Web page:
The spatial effects of Izal in Bilbao

Rozálen entering Izal’s interstellar ship. / CARLOS Gª AZPIAZU

The Baffle

The Vitorian Mikel Izal’s quintet landed with his interstellar ship in Miribilla and before two thousand singing earthlings he projected an overwhelming show in which he summoned six guests through his screen: Rozalén, Miguel Ríos, Bunbury… The best of the year!

Oscar Cubillo

From the beginning of their meeting on Friday night at the ‘Bilbao Musik Fest’ it was suspected that Izal would give one of the best concerts of the year. By clear sound, by interstellar scenography with the quintet playing from the cockpit of a large spaceship, by the three giant screens (a giant rectangular screen at the back of the stage always amazes us, filming the short shot of the drummer of a group, in this case of Alejandro Jordá), by the beams of light that radiated like C-rays shining in the darkness near the Tannhäuser Gate, by intergalactic communications with earthly scientists, by contact with the strange life form of that planet far away to the that stops Izal’s ship. And because of the appearances not in hologram but in two-dimensional macros, giants, of guests (six) who sang their respective songs, guests who were, Rozalén, the best in her role, and now in order not chronological but decreasing in artistic or whatever you want to call it, Miguel Ríos, Bunbury, the three Sidonie, Mabü and Zahara.

Mikel Izal, el líder total. /


Izal played 22 songs in 124 great minutes from beginning to end, because something different always happened on stage, on the magnificent luminescent shed, whether they were successions of images according to a very elaborate montage (from Mikel’s relatives in ‘Qué bien’ to the terrifying black and white of ‘Practical Panic’), various arrangements of the musicians (from the first adopted in the gospel a la Fleet Foxes and Band Of Horses to the inaugural ‘Meiuqèr’, with all five hippie-like in the corner of the stage, to another with the five lined up in ‘The tremor’), or the mere succession of the songs, which is what really matters.

Izal starting hippie with ‘Meiuqèr’. /


Mikel Izal spoke just enough to his mass of fans (almost 2,000 told us at the box office), he told us again that he grew up in Vitoria but spent six years suffering (sic) in Bilbao, studying engineering in San Mamés (about his studies is perceived in the technical concepts of several letters, in the same core idea of ​​the show on this science fiction tour), and he recalled that in his early days they performed a lot at the Cotton Club in Indautxu, «before 10, 12 or 15 people, and now it is an incredible miracle that you are all here ». Hum, the tall, tall, bearded and long-haired engineer can only be criticized for saying all and all and sanitary and sanitary. The rest, all commendable, also when he made an effort to do the duck walk.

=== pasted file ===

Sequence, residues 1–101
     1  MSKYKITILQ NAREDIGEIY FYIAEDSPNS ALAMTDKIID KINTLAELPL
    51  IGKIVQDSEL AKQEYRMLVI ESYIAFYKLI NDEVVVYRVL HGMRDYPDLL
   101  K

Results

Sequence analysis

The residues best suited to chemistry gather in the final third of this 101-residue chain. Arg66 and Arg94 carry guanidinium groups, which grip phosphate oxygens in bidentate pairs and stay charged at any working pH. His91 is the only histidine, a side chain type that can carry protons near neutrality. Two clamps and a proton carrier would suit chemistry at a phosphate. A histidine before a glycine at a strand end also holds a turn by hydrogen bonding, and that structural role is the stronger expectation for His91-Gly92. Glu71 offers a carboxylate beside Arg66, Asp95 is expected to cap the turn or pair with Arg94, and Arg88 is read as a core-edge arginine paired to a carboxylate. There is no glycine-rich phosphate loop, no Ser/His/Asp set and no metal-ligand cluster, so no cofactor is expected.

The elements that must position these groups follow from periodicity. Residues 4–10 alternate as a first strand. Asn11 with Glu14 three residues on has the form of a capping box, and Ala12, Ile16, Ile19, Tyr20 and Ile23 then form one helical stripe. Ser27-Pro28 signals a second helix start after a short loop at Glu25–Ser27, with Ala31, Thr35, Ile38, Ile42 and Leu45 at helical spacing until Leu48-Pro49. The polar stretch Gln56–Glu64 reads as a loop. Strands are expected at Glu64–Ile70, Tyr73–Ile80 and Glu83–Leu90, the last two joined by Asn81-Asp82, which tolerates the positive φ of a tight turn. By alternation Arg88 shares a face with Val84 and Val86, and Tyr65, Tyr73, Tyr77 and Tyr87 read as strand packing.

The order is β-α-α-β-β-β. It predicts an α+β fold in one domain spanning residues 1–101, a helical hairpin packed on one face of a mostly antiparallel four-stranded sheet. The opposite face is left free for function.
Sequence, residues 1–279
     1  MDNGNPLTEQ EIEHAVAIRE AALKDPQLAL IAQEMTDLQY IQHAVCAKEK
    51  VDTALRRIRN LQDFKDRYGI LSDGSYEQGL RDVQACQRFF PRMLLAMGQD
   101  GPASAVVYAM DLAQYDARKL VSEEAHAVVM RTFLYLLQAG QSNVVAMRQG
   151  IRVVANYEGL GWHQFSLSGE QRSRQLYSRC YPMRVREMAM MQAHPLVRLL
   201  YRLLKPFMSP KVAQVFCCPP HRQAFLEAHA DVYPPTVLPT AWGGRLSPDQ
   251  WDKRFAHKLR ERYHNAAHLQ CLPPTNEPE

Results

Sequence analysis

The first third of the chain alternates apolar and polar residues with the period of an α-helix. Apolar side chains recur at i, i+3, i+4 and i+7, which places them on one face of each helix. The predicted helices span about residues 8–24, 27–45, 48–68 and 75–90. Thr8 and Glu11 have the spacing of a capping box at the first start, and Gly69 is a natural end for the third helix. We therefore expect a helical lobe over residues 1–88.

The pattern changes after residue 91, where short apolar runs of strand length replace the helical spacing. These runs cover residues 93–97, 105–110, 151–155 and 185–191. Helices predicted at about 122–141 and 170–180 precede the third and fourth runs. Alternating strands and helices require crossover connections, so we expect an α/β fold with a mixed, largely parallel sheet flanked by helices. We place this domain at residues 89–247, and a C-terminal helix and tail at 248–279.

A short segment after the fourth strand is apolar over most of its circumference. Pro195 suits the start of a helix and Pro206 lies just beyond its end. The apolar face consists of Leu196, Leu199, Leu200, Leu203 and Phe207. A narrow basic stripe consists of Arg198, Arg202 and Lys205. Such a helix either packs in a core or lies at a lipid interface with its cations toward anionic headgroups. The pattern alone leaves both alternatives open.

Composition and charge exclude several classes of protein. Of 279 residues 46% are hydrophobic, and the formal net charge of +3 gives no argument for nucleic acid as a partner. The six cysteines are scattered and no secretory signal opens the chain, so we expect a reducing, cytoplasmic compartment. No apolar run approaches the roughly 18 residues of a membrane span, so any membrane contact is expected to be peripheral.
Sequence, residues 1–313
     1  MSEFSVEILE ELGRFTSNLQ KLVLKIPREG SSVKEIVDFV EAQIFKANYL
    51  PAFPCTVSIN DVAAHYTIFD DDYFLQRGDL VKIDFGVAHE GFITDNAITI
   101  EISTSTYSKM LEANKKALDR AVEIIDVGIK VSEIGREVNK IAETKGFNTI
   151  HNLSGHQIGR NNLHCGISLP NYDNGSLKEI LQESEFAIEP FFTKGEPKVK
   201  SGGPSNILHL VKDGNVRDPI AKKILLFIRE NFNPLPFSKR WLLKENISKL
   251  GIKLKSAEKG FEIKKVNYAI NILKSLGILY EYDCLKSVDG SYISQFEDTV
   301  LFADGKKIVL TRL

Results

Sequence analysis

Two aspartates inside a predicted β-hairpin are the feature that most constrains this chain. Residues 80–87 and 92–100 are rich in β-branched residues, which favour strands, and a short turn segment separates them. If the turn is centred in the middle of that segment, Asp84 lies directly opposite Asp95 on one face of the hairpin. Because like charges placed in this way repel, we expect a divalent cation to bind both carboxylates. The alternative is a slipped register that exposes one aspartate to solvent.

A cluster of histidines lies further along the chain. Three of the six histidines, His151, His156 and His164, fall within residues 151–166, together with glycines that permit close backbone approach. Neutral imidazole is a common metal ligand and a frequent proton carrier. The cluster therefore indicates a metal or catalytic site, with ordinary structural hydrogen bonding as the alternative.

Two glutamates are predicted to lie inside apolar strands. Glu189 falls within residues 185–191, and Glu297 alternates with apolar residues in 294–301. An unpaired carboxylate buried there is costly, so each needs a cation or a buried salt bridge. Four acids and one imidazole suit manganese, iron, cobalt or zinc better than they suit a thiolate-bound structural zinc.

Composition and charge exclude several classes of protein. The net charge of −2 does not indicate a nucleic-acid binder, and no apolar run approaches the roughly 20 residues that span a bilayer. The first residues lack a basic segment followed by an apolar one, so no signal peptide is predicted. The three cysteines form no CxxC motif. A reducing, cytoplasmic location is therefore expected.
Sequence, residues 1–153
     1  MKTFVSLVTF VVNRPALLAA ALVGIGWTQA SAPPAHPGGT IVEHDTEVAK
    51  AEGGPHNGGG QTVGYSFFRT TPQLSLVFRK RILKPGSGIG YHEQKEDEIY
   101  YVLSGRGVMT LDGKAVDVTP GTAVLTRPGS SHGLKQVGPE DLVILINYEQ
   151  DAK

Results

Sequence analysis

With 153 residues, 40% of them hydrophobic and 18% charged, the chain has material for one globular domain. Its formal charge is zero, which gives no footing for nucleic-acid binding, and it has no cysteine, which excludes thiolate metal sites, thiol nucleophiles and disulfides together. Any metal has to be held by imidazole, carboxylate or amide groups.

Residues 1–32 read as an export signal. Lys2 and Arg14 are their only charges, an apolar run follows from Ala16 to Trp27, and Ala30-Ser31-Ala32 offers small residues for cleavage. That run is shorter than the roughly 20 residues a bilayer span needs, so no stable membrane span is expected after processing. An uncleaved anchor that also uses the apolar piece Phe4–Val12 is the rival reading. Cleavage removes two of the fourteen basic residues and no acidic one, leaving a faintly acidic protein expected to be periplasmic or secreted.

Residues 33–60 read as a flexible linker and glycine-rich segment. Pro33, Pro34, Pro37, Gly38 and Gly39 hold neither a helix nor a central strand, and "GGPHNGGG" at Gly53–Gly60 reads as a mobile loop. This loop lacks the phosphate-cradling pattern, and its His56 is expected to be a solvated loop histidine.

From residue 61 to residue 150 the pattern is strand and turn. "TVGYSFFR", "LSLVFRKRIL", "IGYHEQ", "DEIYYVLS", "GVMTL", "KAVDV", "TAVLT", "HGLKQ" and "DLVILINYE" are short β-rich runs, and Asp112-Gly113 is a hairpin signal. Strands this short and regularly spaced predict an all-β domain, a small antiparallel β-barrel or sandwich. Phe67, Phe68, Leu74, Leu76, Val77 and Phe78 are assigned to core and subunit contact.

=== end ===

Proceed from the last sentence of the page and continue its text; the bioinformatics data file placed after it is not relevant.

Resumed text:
With the usual good acoustics in Miribilla during these concerts of the ‘Bilbao Musik Fest’ cycle, shot by so many performances (the day before in Santander, last weekend in Vitoria …), reinforced by an imaginative and simple audiovisual device with short films held on professional actors, visual curtains and the surprise interventions of the six guests, the progressive, sentimental and reflective repertoire of Izal, which among other factors had one foot in the recurring vocal accent of Ismael Serrano and another in the compositional and even lyrical structuring of Vetusta Morla, was concatenated with a scenic potential that has nothing to envy to the macro concerts of Muse, Fito, Pablo López …

Iván Mella, keyboard player from Bilbao and Mikel’s right-hand man. /


In constant communion with his parish, who chanted and clapped his hands without being asked, Izal had numerous remarkable moments, qualitative, strong, absorbing, surprising … Reviewing the notes we found the progressive heavy of ‘Autoterapia’, the links with Love Of Lesbian in ‘White noise’ (hum, and we think at least twice about the Baracaldes Captain Elefante), the Mars Volta vortices of ‘Copacabana’, the zenith that was ‘The invisible stone’, the first collaborative and teleported intervention of the guests who were Rozalén’s in ‘Little Great Revolution’, Abba-style pop from ‘Wormholes’ (a very’ Interstellar ‘title, right?), the first encore with Miguel Ríos, the second and last with’ Bunbury ‘…

From the beginning we assumed that such a colorful spectacle, magnificent not only for its size and offering so many songs in gradation, could enter our list of the best concerts of the year, and it will be on it. If we finish 2021, of course.

Article: Soure